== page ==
So since PETCO stores are where animals go to die, obviously PETCO must be selling dead animals. I think that should be clear from Mr. Shannon's statement. The alternative is that PETCO is selling animals that are very angry and upset, since they went to PETCO for the express purpose of dying, only to be sold by PETCO before being allowed to expire. One can only imagine the disappointment and frustration these animals must feel, having successfully journeyed to a PETCO store, fulling intending to drop dead on the premises, only to find themselves in the home of a loving and caring family or individual. I could be wrong, but I think I see the potential for a class action lawsuit here.
Now, left unsaid by Mr. Shannon is if these animals that are making the pilgrimage to PETCO to die are going there by subway or bus. Because I'm sure that if they are going to PETCO by driving SUVs, then Mr. Shannon's position would be that they deserved to die.
I don't condone PETA actions, but I will talk about Petco, as someone who managed there.
The top brass could care less about the animals. They want to crowd as many animals in one cage as possible. They don't provide proper medicine for sick animals. They push animals like hampsters that are horrible for kids.
The # of screaming kids pushing for hampsters then not taking care of them because they bite and are nocturnal numbers in the hundreds at my former store. The animals usually either died or came back horribly sick and malnourished or really mean and unsellable. The # of unsellable animals we had in the extremely crowded back room was bad. The extreme overcrowding caused bad stink and quick spreading of disease.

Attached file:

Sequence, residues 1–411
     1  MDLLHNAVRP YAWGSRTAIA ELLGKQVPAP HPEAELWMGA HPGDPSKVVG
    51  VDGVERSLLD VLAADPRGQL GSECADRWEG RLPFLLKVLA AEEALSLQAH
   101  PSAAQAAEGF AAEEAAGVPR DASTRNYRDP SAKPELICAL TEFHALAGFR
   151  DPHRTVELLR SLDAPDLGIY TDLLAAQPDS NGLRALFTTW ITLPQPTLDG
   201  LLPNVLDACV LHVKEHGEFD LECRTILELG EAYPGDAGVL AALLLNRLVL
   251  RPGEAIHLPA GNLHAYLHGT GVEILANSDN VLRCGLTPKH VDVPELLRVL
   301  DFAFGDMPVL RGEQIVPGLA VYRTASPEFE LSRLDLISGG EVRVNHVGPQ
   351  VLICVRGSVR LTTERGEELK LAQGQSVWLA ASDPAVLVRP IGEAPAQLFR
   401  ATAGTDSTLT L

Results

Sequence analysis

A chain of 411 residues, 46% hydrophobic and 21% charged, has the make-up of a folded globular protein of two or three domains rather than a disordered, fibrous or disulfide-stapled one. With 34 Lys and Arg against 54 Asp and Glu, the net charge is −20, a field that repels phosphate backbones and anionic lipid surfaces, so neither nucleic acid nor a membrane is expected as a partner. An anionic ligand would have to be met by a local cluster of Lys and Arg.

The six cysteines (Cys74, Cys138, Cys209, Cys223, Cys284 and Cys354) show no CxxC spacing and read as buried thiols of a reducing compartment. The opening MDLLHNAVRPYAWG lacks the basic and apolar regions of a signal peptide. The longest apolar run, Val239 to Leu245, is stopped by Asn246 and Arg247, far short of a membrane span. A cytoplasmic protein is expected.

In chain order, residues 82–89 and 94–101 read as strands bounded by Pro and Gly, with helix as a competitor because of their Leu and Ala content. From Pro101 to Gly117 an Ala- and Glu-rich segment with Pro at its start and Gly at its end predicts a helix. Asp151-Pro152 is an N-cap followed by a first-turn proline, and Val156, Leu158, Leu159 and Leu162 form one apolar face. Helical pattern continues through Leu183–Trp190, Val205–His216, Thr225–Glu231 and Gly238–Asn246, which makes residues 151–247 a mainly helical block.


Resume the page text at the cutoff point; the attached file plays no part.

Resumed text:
We were completely unable to not sell animals to people who weren't able to take care of them. A teenager wanting to seem cool would come buy a little igunana then put it in a 1 gallon aquarium with nothing. If it by some miracle survived, it'd be let go when it got 3 feet long or so. Nothing like long iguanas running around, until the winter time when they'd die.
This isn't to start on selling saltwater fish that come from extremely destructive harvesting techniques.
So in general Petco could care less about the welfare about their animals.
Was this in Canada or the US? If it were here, I'd say that you should probably report any violations to the ASPCA / Animal cruelty division of your local PD. I don't know about Canada, but I'm sure if the store you were at was breaking laws, that they would have been prosecuted.
Now, if it's the law that's the problem, you can't 100% hold any particular business accountable for the law - you have to go after the laws themselves.
I doubt that all Petco stores are the same as the one you were at. I hope that if you were to bring this information to their attention, that they would address it.
That said, let me put the fire to you - did you ever do anything about the conditions there after you quit? Moral crusader plays well on message boards, but it's much harder in real life.
I defend, because Petco is a) a local company and b) nothing like that here.
This is coming from a guy who used to legally sell reptiles at the swap meet. I don't agree with that being legal, but it was, and it was a way to earn some money in college. I've not made any moves to shut down the former business, because it closed years ago, but if the people I worked with were still running it, I would be.
At least the iguanas stood a fighting chance in this climate.
Willful ignorance of science is not commendable. Refusing to learn the difference between a credible source and a shill is criminally stupid.